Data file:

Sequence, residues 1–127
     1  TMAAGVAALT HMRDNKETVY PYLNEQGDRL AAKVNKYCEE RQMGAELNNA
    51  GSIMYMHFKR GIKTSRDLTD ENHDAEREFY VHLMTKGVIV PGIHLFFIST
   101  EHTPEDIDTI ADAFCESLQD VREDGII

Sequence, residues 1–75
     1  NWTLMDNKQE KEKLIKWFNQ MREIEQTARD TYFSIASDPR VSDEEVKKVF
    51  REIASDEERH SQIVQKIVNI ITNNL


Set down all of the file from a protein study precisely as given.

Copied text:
Sequence, residues 1–127
     1  TMAAGVAALT HMRDNKETVY PYLNEQGDRL AAKVNKYCEE RQMGAELNNA
    51  GSIMYMHFKR GIKTSRDLTD ENHDAEREFY VHLMTKGVIV PGIHLFFIST
   101  EHTPEDIDTI ADAFCESLQD VREDGII

Sequence, residues 1–75
     1  NWTLMDNKQE KEKLIKWFNQ MREIEQTARD TYFSIASDPR VSDEEVKKVF
    51  REIASDEERH SQIVQKIVNI ITNNL